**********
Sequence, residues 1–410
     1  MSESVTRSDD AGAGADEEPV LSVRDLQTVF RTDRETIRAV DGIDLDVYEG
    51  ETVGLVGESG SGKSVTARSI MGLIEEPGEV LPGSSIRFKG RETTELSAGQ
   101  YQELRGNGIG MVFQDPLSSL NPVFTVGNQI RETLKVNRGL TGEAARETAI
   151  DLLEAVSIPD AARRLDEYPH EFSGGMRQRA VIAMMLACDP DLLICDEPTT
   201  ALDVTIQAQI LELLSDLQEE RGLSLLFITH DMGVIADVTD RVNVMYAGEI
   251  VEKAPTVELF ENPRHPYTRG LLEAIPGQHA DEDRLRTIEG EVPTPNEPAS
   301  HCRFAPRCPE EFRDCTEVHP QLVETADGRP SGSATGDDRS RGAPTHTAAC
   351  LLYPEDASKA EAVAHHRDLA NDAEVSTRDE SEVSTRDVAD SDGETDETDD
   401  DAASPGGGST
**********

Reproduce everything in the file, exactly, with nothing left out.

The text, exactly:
Sequence, residues 1–410
     1  MSESVTRSDD AGAGADEEPV LSVRDLQTVF RTDRETIRAV DGIDLDVYEG
    51  ETVGLVGESG SGKSVTARSI MGLIEEPGEV LPGSSIRFKG RETTELSAGQ
   101  YQELRGNGIG MVFQDPLSSL NPVFTVGNQI RETLKVNRGL TGEAARETAI
   151  DLLEAVSIPD AARRLDEYPH EFSGGMRQRA VIAMMLACDP DLLICDEPTT
   201  ALDVTIQAQI LELLSDLQEE RGLSLLFITH DMGVIADVTD RVNVMYAGEI
   251  VEKAPTVELF ENPRHPYTRG LLEAIPGQHA DEDRLRTIEG EVPTPNEPAS
   301  HCRFAPRCPE EFRDCTEVHP QLVETADGRP SGSATGDDRS RGAPTHTAAC
   351  LLYPEDASKA EAVAHHRDLA NDAEVSTRDE SEVSTRDVAD SDGETDETDD
   401  DAASPGGGST